Australian dollar soars on hot RBA air
The Forex markets are once again in range trading. Except for the Australian dollar which took off on RBA hot air. The DXY was firm and the euro soft:
The Australian dollar has hit highs in all areas:
The goods were everywhere:
But the big miners sagged with the iron ore:
Emerging market equities surged:
And the junk is serene:
Despite the steepening of the curve:
Equities relaxed but have always been growth-driven:
Westpac has the wrap:
USMNI Chicago PMI fell more than expected to 66.9 (68.0 est., before 73.4). The most important factors in the survey were supply shortages, both in labor and goods, and arrears (“the highest since 1951”), leading to a decline in production. Prices paid rose to 93.9 – “the highest since 1979”. S&P CoreLogic House Prices for June were on target, up 1.8% m / m (1.8% m / m est), for an annual rate of 19.1% y / y.
Eurozone CPI inflation in August surprised on the upside, with overall figures of + 0.4% m / m and 3.0% y / y (the highest annual rate for a decade) against estimates of 0.2% m / m and 2.5% a / a (before 2.2% a / y). Core CPI also rose, to 1.6% y / y (est. 1.5% y / y, before + 0.7% y / y).
Among others European According to published data, German unemployment in August fell to 5.5% (est. 5.6%, before revised to 5.6% from 5.7%), French consumer spending was weak in July at – 2.2% m / m (est. + 0.2% m / m), but France’s second quarter GDP increased to + 1.1% q / q from the initial reading of +0, 9% t / t.
Following ECB officials reported a decrease in quantitative easing. Holzmann said the central bank is expected to discuss reducing support for the crisis at next week’s meeting. Tie also indicated that the ECB can afford to scale back the PEPP program as financing conditions are now favorable. He said the pandemic program was close to hitting its target and the program could end as planned in March 2022. The comments follow earlier signals from Guindos and Lane regarding the possibility of a slight moderation in monthly purchases at next week’s meeting.
Outlook for the event
Australian GDP is now expected to grow just 0.1% in the second quarter, down from our preliminary forecast of 0.5%. According to the revised vision, the risks appear to be on the downside. Indeed, the measure of GDP expenditure is expected to contract by 0.1% in the second quarter. The other two variants of GDP (output and income), however, are expected to experience positive growth, supporting the average aggregate measure. Corelogic House Prices August is expected to post another large gain despite disruptions from current lockdowns.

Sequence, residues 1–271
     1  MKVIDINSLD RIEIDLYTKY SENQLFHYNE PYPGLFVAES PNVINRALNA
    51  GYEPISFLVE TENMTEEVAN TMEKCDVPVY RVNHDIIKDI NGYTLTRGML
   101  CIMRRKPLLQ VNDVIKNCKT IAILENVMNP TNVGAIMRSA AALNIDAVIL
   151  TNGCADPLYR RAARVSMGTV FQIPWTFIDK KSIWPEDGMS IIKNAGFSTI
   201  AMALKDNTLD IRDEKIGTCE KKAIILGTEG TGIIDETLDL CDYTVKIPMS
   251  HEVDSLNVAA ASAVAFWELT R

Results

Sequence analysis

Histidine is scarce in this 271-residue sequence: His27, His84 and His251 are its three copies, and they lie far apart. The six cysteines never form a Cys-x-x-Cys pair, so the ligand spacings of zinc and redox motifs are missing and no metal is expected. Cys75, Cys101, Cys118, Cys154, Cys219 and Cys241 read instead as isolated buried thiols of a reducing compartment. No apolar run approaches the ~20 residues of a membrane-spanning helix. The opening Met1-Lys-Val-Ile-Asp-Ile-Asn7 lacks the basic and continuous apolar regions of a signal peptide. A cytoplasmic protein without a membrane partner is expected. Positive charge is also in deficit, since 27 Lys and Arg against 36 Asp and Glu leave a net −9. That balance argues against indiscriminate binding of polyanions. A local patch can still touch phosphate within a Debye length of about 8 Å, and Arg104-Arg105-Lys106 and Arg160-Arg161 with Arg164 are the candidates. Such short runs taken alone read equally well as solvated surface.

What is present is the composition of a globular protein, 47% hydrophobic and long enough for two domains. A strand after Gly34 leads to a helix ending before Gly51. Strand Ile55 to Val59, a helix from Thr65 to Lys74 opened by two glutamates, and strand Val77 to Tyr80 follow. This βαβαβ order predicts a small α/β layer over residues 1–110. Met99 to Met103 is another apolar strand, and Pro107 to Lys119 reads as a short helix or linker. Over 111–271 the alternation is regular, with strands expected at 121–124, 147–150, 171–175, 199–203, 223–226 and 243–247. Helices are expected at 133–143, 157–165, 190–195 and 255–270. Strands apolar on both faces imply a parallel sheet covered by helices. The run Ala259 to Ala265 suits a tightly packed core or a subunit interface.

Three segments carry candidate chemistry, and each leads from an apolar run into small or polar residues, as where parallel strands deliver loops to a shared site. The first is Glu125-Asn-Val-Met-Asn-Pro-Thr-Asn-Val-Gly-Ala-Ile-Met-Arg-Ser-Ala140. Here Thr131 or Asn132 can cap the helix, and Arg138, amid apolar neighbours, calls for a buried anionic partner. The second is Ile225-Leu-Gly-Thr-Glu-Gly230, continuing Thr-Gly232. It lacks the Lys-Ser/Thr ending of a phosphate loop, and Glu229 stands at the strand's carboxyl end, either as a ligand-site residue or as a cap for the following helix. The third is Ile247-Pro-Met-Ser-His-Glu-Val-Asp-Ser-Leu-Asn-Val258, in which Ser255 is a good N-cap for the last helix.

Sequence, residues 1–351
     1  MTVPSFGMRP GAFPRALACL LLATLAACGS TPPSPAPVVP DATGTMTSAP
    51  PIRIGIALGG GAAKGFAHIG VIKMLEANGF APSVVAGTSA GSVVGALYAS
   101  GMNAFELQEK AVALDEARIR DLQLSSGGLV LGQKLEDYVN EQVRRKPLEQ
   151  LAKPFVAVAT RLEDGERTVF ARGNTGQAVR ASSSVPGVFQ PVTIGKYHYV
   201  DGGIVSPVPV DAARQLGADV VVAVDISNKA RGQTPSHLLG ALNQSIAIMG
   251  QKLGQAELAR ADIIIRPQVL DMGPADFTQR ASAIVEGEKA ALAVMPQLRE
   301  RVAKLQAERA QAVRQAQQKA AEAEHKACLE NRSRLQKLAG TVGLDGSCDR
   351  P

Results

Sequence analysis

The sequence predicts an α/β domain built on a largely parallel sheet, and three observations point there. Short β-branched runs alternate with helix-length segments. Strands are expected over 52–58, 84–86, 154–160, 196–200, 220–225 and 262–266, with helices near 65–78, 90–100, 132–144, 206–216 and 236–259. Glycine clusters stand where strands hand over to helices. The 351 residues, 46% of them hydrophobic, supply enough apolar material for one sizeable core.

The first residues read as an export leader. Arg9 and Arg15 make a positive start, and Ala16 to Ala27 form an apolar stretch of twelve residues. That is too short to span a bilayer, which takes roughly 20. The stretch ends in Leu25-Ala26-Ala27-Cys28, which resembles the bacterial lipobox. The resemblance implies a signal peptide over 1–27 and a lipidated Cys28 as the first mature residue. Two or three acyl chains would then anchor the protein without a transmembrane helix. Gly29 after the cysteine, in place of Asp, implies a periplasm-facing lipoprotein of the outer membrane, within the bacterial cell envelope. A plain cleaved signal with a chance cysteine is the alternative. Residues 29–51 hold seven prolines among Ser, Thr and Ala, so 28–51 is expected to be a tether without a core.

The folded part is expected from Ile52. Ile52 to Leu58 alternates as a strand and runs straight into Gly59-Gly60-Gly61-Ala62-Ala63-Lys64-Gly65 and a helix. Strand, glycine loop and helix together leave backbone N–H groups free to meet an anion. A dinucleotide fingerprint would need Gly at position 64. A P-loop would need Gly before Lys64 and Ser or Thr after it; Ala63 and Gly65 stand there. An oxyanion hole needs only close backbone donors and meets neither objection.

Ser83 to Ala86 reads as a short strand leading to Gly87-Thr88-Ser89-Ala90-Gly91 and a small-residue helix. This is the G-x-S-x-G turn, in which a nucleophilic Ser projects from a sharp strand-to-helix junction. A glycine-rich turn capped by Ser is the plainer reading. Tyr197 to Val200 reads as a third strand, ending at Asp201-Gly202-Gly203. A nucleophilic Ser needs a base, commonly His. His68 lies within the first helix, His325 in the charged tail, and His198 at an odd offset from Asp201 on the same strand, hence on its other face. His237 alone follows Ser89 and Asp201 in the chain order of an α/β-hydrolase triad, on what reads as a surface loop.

In China, Caixin August PMI will provide insight into the performance of small and medium-sized manufacturers. While the official NBS PMI index (which focuses on large companies) held steady above 50 in August, signaling continued expansion, the Caixin measure is clearly at risk of falling to a contracting reading due to the disruption in industry due to aggressive restrictions recently imposed to stop small delta outbreaks in China.
In the we, the August ISM manufacturing survey will be at the center of concerns, in particular the price paid and the sub-components of employment. August ADP private payroll will also be assessed as a risk tilt guide for Friday’s nonfarm wage release – this despite the ADP recently being a poor indicator of the official series. Construction spending in the United States for July is also due.
The Australian dollar took off yesterday afternoon after the RBA released a new document that modeled looming wage inflation:
How wages react to very low unemployment rates remains a key source of uncertainty in Australia, in part due to the lack of historical evidence to draw on. To help fill this gap, we study data on unemployment rates and wage growth in local labor markets over the past 20 years. The considerable variation in economic conditions in local labor markets allows us to infer the strength of the relationship between unemployment and wage growth (i.e. the Phillips curve of wages) at very high unemployment rates. low which are seldom observed at the national level. We find strong evidence that the Phillips wage curve is indeed a curve, rather than a straight line. When the unemployment rate exceeds 7½ percent, the Phillips curve is flat and wage growth does not respond to changes in unemployment. Wage growth then becomes increasingly sensitive to changes in the unemployment rate as the unemployment rate falls to lower and lower levels, notably below 4%. These findings have implications for monetary policy, especially in the current environment, given the Reserve Bank of Australia’s central forecast that the unemployment rate is expected to drop to decades-long lows over the next several years.
I wonder what this model of rearview mirror has to say about the developing terms of trade shock. If we wait ten years, he can tell us.
In the meantime, let’s look out the window at the analogous post-2012 experience that directly resulted in:
- crushing of nominal growth;
- collapsing wages and inflation;
- chronic underperformance of both for a decade.
Now back to the model that says a wage explosion is imminent …
The half-full RBA glass is still stupid.